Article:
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Fetal electrocardiogram helps in early detection of neonatal acidosis, Spanish researcher find

Date:
June 16, 2011
Source:
University of Granada
Summary:
Researchers in Spain have demonstrated that fetal electrocardiogram (ECG) is the best method for detecting early acidosis and the risk of loss of fetal well being. The method shows the effects of lack of oxygen in the heart and brain of the fetus. The study finds that this system is better than pulse oximetry, which measures oxygen saturation in fetuses.

University of Granada researchers have demonstrated that fetal electrocardiogram (ECG) is the best method for detecting early acidosis and the risk of loss of fetal well being. The method shows the effects of lack of oxygen in the heart and brain of the fetus. The study finds that this system is better than pulse oximetry, which measures oxygen saturation in fetuses.

This study was conducted with 180 women in labour who were admitted to the dilation area of the University Hospital Virgen de las Nieves in Granada, Spain.

The study was carried out by Mercedes Valverde Pareja, a researcher at the Department of Gynecology and Obstetrics at the University of Granada, and conducted by professors Alberto Puertas Prieto, Alberto Salamanca Ballesteros and Francisco Montoya Ventoso. To carry out this study, its authors conducted a prospective randomized study with 180 women in labour admitted to the dilation area of the University Hospital Virgen de las Nieves, Granada, Spain.

Researchers found that women in labour monitored with fetal ECG and with recorded CTG compatible with risk of loss of fetal well being, recorded a lower cesarean rate (30% vs. 46.7%), obtained better fetal Apgar test results and better values in fetal umbilical cord gas analysis at birth than those recorded with pulse oximetry. They also observed greater real-time monitoring, adequate signal, fetal ECG providing more continuous information, thus helping the obstetrician to control the state of the fetus.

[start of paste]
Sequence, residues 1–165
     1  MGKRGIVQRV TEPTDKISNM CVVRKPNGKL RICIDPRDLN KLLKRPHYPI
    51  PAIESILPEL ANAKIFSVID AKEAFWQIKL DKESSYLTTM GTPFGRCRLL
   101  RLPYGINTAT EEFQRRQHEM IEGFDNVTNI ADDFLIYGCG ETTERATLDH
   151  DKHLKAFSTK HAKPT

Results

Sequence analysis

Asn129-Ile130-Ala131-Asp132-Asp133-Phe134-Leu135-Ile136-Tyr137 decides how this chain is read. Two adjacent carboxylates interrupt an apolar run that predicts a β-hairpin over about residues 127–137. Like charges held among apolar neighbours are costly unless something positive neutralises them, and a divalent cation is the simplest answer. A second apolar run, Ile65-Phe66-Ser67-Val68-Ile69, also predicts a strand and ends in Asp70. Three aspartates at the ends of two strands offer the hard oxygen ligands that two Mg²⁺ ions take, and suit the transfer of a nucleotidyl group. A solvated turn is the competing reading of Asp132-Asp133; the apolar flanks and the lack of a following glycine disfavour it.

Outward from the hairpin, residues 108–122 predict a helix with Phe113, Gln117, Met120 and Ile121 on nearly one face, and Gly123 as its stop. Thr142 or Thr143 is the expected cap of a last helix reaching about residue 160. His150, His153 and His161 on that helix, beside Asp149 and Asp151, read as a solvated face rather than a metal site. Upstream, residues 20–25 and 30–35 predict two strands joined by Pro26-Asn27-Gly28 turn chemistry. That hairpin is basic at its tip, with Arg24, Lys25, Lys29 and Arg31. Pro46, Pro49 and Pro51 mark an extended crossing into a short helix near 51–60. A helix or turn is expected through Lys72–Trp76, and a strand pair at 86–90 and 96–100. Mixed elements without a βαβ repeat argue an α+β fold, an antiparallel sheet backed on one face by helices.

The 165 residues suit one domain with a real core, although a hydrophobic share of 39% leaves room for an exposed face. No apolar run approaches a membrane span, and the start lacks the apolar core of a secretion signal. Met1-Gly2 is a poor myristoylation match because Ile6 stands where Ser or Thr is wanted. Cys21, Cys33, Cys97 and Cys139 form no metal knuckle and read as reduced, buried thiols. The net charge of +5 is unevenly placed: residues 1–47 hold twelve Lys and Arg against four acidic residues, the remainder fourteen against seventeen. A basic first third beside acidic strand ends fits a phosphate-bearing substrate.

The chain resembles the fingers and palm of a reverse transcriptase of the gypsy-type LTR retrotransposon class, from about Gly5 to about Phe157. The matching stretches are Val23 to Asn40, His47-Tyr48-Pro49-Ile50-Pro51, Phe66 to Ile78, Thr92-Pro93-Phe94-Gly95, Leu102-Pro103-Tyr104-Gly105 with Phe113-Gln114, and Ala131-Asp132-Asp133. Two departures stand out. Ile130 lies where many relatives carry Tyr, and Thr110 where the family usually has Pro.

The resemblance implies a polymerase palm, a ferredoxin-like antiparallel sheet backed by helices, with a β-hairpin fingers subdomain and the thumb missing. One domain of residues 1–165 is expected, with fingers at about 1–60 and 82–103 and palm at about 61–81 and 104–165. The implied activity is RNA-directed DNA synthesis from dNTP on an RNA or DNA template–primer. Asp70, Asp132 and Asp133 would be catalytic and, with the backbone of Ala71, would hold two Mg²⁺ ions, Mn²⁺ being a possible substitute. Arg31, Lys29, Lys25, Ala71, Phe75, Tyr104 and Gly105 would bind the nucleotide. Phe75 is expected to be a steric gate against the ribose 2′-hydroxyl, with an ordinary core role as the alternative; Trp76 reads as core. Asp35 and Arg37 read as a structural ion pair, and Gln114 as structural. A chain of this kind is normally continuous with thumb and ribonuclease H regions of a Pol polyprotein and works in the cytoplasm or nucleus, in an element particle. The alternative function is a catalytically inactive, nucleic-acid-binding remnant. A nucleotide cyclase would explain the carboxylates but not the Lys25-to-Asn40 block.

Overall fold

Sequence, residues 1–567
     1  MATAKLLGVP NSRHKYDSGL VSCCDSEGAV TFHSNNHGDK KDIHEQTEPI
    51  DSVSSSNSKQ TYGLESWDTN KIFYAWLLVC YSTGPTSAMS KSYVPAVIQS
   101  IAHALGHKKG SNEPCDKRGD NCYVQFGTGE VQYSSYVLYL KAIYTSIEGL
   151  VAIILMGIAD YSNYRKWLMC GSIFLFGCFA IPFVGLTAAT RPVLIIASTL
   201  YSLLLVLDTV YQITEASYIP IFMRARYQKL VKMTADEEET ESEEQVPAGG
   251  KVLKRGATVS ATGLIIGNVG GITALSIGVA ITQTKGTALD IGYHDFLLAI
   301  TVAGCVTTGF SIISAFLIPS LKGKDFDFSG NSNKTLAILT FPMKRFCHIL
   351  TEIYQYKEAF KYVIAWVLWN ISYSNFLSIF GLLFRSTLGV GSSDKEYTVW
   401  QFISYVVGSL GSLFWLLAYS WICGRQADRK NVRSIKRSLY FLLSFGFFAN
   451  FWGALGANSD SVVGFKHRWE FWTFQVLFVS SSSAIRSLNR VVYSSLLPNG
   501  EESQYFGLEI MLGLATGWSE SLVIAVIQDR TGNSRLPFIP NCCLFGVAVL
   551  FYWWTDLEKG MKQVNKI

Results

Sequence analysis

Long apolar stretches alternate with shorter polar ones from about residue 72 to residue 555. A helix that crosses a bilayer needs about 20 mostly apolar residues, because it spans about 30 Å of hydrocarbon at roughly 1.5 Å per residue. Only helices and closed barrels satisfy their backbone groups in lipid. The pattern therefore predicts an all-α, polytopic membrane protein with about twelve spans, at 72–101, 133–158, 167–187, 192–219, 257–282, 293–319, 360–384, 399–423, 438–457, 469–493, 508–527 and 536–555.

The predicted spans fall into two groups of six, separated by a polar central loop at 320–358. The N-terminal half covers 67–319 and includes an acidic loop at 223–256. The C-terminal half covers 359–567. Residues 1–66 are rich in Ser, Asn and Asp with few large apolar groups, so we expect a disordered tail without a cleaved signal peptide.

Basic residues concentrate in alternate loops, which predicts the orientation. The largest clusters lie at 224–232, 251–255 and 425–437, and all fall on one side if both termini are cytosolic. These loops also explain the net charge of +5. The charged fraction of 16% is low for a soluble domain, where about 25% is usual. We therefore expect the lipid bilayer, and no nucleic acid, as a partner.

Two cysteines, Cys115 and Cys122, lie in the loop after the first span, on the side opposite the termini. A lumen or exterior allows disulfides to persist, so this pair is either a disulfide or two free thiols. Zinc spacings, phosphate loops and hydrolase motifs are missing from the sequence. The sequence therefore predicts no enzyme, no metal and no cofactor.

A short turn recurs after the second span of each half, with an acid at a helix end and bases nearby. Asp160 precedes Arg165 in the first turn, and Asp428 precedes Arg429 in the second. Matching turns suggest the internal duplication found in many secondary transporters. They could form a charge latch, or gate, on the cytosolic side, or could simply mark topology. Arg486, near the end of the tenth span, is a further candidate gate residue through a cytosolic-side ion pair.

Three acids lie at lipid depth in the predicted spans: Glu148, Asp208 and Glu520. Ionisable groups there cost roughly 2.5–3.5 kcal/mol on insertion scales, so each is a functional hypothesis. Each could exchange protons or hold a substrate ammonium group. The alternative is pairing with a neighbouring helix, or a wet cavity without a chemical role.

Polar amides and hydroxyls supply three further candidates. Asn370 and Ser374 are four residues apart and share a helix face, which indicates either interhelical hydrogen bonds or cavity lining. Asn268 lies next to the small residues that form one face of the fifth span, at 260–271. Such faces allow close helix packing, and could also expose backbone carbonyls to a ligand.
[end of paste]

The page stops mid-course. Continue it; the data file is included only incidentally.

Advantages of the method

This study showed that fetal electrocardiogram is very useful to detect fetuses at risk of suffering acidosis. Once the risk is detected, the delivery is expedited before the fetus shows signs of acidosis and is affected. Moreover, this technique allows the detection of false recorded CTG positives.

To date, both methods of intrapartum fetal monitoring had been analysed separately (fetal pulse oximetry and fetal electrocardiogram), but there were no previous studies comparing them to each other to assess which one is more effective in detecting risk of loss of fetal welfare.

As Mercedes Valverde explains, "some people believe that both methods are equally effective and that they can be used in the same cases. With this work, we found that their effectiveness is not the same, as they operate at different levels of fetal physiology and therefore give some very precise data. Furthermore, if compared, fetal electrocardiogram (ECG-fetal) detects acidosis at an earlier stage, thus allowing to have healthy fetuses. "

The results obtained in this study were partially published in the journal Progresos en ginecología y obstetricia, edited by the Sociedad Española de Ginecología y Obstetricia (Spanish Society of Gynecology and Obstetrics).


Story Source:

The above story is based on materials provided by University of Granada. Note: Materials may be edited for content and length.


Cite This Page:

University of Granada. "Fetal electrocardiogram helps in early detection of neonatal acidosis, Spanish researcher find." ScienceDaily. ScienceDaily, 16 June 2011. <www.sciencedaily.com/releases/2011/06/110616081819.htm>.
University of Granada. (2011, June 16). Fetal electrocardiogram helps in early detection of neonatal acidosis, Spanish researcher find. ScienceDaily. Retrieved September 19, 2014 from www.sciencedaily.com/releases/2011/06/110616081819.htm
University of Granada. "Fetal electrocardiogram helps in early detection of neonatal acidosis, Spanish researcher find." ScienceDaily. www.sciencedaily.com/releases/2011/06/110616081819.htm (accessed September 19, 2014).

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